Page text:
In 2010, when I was assisting Japanese scientists as an interpreter during their field trip to Central Yakutia, Northeastern Siberia, Russia I witnessed terrible situations when many households' cellars were water-logged. As a result they didn't have enough space for storing their food. This made me think of serious challenges that climate change brings to my fellow Yakutians and encouraged me to start my research on climatic and environmental changes in Yakutia.
The demand to conduct research professionally brought me to enroll in a PhD position at the University of Zurich, Switzerland as a Swiss Scholarship Holder to pursue my PhD. In my research within the University Research Priority Programme on Global Change and Biodiversity I have been dealing with the vulnerability of social-ecological systems to climate change in Arctic Yakutia.
I had conducted interviews on local people's perceptions of climate change in Central Yakutia before, but due to my lack of training I wasn't satisfied with how I carried out that inquiry. In my doctoral research I have been dealing with the vulnerability of social-ecological systems to climate change in Arctic Yakutia.
Arctic social-ecological systems are highly vulnerable to climate change because change is more intense in the Arctic, ecosystems are more susceptible to fluctuations, and Indigenous peoples are among the poorest and marginalized. As a result of climate change, native plant and animal species are forced out by invasive species, reindeer are altering their migratory routes, and numbers of caught fish are declining. This challenges the food security of Indigenous peoples highly dependent on natural resources. Therefore, it is important to understand responses of Arctic social-ecological systems to climate change.
In addition to climate-induced changes, Indigenous peoples of the Arctic are challenged by social-political and economic transformations as well. Soviet regime policies, high rates of suicide, alcoholism, unemployment, remoteness, high transportation costs, new regulations, and other issues compromise the livelihoods of Indigenous peoples. Indigenous peoples have been resilient and adaptive to climatic and environmental changes for millennia, however, when it comes to socio-political and economic transformations, they are more vulnerable. Top-down designed and implemented regulations significantly limit adaptive capacity of Indigenous peoples. To maintain sustainability of Indigenous livelihoods, it is crucial to take into account Indigenous knowledge in designing and implementing policies.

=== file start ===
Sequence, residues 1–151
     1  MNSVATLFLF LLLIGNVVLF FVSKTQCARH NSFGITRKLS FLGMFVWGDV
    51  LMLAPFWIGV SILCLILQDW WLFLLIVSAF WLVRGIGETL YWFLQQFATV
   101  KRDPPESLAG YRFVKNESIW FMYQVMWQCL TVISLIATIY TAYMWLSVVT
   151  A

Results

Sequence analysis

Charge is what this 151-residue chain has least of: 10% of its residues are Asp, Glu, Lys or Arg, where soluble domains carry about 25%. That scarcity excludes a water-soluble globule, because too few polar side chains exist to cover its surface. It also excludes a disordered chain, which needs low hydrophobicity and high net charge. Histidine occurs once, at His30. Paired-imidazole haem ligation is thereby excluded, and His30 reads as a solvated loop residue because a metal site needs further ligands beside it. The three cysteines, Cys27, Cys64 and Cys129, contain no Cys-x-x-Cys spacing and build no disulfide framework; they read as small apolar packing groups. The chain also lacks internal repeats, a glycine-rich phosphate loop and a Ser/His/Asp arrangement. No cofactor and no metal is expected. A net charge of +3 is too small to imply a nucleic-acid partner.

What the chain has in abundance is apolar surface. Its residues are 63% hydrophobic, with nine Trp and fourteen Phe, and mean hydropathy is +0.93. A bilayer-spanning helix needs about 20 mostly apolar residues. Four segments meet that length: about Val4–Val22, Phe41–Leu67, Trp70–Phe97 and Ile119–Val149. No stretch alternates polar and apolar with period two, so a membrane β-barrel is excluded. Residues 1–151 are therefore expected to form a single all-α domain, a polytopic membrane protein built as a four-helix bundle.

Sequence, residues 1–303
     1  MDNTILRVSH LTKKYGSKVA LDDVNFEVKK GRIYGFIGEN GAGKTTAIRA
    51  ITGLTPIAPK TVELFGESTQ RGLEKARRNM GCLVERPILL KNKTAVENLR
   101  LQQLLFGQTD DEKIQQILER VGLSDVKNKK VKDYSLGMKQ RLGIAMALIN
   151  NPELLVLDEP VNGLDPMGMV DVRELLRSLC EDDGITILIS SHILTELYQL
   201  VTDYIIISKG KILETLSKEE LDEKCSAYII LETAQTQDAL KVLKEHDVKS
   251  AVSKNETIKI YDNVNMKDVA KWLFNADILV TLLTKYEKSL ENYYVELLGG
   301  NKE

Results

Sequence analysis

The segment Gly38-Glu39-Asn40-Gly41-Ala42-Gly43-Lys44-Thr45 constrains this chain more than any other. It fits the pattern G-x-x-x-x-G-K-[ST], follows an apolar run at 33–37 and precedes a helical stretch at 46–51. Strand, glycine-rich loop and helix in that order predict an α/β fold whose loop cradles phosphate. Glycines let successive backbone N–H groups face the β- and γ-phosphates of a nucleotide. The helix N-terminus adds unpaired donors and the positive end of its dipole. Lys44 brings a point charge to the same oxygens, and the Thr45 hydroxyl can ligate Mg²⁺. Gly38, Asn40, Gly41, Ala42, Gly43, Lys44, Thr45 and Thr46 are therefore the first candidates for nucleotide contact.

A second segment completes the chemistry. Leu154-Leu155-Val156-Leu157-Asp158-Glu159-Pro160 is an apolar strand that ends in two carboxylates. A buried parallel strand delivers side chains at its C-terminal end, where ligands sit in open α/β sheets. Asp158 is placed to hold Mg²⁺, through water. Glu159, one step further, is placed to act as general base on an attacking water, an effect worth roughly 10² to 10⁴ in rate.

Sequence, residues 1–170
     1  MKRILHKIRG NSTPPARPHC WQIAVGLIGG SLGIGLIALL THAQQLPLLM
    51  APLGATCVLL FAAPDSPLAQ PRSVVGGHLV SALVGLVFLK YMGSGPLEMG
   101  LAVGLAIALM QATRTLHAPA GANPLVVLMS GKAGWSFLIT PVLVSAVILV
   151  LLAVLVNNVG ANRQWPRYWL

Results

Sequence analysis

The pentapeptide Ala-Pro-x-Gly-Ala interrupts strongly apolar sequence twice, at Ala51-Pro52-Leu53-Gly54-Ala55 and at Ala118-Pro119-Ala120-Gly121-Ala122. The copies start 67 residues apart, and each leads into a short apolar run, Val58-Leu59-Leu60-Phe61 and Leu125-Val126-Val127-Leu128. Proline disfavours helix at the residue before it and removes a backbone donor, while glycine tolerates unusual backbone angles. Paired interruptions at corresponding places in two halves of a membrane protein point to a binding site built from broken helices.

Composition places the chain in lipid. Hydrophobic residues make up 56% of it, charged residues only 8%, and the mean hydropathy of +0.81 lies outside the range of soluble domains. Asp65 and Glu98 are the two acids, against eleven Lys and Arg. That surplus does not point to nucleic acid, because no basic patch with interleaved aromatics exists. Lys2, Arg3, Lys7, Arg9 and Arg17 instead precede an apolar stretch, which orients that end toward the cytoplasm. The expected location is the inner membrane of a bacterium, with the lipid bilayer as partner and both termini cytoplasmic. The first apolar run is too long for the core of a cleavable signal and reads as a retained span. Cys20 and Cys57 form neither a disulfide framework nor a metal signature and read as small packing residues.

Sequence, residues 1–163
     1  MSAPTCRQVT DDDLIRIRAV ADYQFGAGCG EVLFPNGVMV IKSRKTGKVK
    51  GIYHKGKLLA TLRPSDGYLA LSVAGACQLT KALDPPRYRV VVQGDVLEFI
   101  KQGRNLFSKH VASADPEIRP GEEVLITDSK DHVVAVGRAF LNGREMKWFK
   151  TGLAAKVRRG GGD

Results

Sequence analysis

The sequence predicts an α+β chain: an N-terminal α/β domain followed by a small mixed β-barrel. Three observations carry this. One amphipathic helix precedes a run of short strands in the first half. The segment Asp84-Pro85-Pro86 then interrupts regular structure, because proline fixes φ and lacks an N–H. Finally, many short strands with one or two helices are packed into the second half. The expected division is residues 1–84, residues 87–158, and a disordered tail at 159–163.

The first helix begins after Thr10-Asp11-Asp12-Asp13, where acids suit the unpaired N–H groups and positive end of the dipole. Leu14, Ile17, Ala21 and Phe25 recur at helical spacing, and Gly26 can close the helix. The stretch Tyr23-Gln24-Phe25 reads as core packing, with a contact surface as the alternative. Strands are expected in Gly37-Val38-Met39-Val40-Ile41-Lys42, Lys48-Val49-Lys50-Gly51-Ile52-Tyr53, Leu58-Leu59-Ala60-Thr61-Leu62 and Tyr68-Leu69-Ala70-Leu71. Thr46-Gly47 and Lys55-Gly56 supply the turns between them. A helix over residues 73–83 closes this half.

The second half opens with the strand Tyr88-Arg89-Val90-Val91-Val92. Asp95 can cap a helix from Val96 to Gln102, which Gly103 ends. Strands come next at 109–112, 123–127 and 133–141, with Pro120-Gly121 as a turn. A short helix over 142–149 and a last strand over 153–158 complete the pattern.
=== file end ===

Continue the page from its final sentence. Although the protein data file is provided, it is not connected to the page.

The policy/science interface is also crucial to understand, therefore I am planning to conduct research on the political and scientific interests of South Korea in the Arctic at the Korean Polar Research Institute starting in December 2018.
I am happy and grateful to be an IASC Fellow because it gives a wonderful opportunity for an early career researcher to develop as a scientist and as a leader. In addition, it provides me, as an Indigenous individual, a unique possibility to bring up issues from an Indigenous perspective and to serve as a bridge between science and Indigenous peoples, western and Indigenous knowledge.
Once one of my favorite scientists, Noah Chomsky, said that, "the only communities standing between humankind and the realization of environmental catastrophe is the world's Indigenous peoples." I do believe that Indigenous peoples and their knowledge will help scientists to prevent catastrophic events.
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IASC Fellowship Program
The IASC Fellowship Program is meant to engage Early Career Scientists (ECS) in the work of the IASC Working Groups (WGs). IASC Fellows are doctoral or postdoctoral researchers who actively participate in selected activities of the IASC WGs. The total duration of the IASC Fellowship Program is 1+2 years. After the first year the Fellows have an opportunity to stay involved up to 2 more years; further involvement is individually decided by the WG Steering Group and the Fellow.
Apply for IASC Fellowship Program
If you are interested in this amazing opportunity then please fill out this application form. You can upload your CV as a PDF file within the form. If you have problems accessing or submitting the form, please contact the APECS Executive Director Gerlis Fugmann at firstname.lastname@example.org to receive a Word version of the form. The application deadline is Monday 19 November 2018 at 13:00 GMT. Late applications will not be considered. Successful applicants will be notified before the end of the year.